Emma Goldman (1869-1940)

By Sally Ann Drucker
Sponsored by High Plains Library District



Emma Goldman was a renaissance woman. Her methods for political activism ranged from writing to public speaking, but at times were characterized as anarchist, leading her to be bequeathed the title of anarchist.  After emigrating from Lithuania to the US in 1885, she played a pivotal role in the development of radical politics and feminism in America.  Her lectures attracted thousands. Goldman was imprisoned several times for inciting workers and illegally distributing birth control information.  She believed that birth control was every woman’s right, a radical idea for the time.   

In 1892, strikers at Carnegie Steel, managed by Henry Frick, were killed by Pinkerton guards.  Goldman’s long-term companion Alexander Berkman wounded Frick in an anarchist “attentat,” or call for justice, and was incarcerated.  Goldman was accused of conspiring with him, and in 1901was blamed for inspiring the assassination of President McKinley.  Neither accusation was proven, but Theodore Roosevelt called her “the most dangerous woman in America.”    
When the United States prepared to enter World War I, Goldman and Berkman, then out of jail, organized a No-Conscription League.  They believed that the state fought wars on behalf of capitalists; they viewed the draft as one of the worst forms of state coercion.  The League became a vanguard for anti-draft activism, with chapters in numerous cities.  In 1917, Goldman and Berkman were arrested.  During their trial, Goldman invoked the First Amendment, asking how the government could claim to fight for democracy abroad while suppressing free speech at home.  “We say that if America has entered the war to make the world safe for democracy, she must first make democracy safe in America. How else is the world to take America seriously, when democracy at home is daily being outraged, free speech suppressed, peaceable assemblies broken up by overbearing and brutal gangsters in uniform; when free press is curtailed and every independent opinion gagged? Verily, poor as we are in democracy, how can we give of it to the world?” An additional argument was that members of the clergy were admired for following their consciences; why couldn’t other citizens do the same? Nevertheless, Goldman was sentenced to two years in jail for conspiring with Berkman to "induce persons not to register" for the newly instated draft.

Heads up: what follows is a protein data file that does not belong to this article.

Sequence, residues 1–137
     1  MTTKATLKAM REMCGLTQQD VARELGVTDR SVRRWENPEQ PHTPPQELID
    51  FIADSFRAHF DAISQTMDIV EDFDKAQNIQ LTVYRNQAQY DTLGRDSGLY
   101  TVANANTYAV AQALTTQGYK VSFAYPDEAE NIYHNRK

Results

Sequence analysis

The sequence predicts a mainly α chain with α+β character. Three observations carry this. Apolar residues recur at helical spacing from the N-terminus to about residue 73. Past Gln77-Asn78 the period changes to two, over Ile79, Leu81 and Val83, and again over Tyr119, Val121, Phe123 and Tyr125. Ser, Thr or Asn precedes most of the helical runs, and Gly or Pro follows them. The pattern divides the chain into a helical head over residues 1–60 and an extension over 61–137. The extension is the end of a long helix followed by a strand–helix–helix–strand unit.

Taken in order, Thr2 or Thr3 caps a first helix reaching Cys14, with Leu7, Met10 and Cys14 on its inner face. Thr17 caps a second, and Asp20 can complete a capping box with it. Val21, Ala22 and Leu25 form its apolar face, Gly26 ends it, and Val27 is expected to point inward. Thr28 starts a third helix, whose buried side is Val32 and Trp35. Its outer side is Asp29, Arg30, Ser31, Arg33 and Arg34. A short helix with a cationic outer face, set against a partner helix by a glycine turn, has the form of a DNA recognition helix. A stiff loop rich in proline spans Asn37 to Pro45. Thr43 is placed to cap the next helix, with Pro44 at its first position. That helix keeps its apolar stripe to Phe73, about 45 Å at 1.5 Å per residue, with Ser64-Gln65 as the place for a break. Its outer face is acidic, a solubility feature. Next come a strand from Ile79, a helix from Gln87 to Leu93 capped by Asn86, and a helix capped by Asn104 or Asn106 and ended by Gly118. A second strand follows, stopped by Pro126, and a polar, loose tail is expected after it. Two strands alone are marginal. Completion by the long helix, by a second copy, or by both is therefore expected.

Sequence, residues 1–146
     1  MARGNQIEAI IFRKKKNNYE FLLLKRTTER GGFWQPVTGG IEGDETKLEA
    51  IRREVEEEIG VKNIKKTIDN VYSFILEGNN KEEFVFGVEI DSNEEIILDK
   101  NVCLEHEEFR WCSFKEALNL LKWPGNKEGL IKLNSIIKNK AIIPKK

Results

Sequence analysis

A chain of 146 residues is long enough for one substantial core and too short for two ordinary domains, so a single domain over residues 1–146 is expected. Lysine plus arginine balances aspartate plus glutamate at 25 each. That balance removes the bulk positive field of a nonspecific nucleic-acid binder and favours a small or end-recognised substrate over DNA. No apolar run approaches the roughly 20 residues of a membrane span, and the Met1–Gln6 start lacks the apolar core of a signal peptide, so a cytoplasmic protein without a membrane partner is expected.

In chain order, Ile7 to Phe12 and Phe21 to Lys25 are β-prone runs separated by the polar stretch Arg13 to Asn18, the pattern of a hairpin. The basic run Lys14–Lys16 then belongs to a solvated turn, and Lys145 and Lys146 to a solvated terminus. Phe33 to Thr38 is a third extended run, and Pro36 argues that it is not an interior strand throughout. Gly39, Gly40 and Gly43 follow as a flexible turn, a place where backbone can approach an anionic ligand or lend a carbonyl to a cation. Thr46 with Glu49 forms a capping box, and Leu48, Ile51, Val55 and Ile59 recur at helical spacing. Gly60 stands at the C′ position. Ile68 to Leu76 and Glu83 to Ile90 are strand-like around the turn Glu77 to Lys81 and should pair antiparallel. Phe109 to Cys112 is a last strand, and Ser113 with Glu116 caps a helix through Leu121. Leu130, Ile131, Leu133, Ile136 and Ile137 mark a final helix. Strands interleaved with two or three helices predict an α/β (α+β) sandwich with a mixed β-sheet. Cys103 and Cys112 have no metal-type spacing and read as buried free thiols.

Released in September, 1919, they were re-arrested, and with hundreds of others deported to Russia during America’s Red Scare of 1919-20.  Initially supportive of the Bolshevik revolution, Goldman reversed her opinion when Lenin said, "There can be no free speech in a revolutionary period."  Goldman's experiences in Soviet Russia led to her book, My Disillusionment in Russia (1923).  

She was not allowed to return to the US except for a brief tour in 1934 to promote her autobiography, Living My Life (1931).  Goldman spent her later years in Toronto, supporting Sacco and Vanzetti, Spanish anarchists, and other radical causes.  She made lasting contributions to progressive politics through her birth control and free speech movement activities.  The latter inspired the formation of the American Civil Liberties Union (ACLU).  In recent years, feminists have rediscovered Emma Goldman as an early fighter for women’s freedom, gay rights, and individual liberties for all.       

Recommended Reading

Gornick, Vivian. Emma Goldman: Revolution as a Way of Life. Yale University Press, 2011.

Shulman, Alix Kates, Ed.  Red Emma Speaks: An Emma Goldman Reader. Humanity Books,  


Sally Ann Drucker

Since 1993, Sally Ann Drucker has presented interesting and infamous women at Chautauquas.  She first portrayed Frances Wright, feminist-abolitionist, at a National Endowment for the Humanities-funded Democracy in America Chautauqua, touring eight states over three summers.  She has also portrayed Rosie the Riveter, WWII Defense Worker; Lucrezia Borgia, 16th Century Duchess; Betty Friedan, feminist founder of N.O.W.; and Hazel Shaw, Dust Bowl Survivor. Drucker is pleased to return to Colorado to present Emma Goldman.  When not performing, she’s an English Professor at the State University of New York - Nassau, Garden City, NY.  She also teaches Women’s Studies and other interdisciplinary courses there.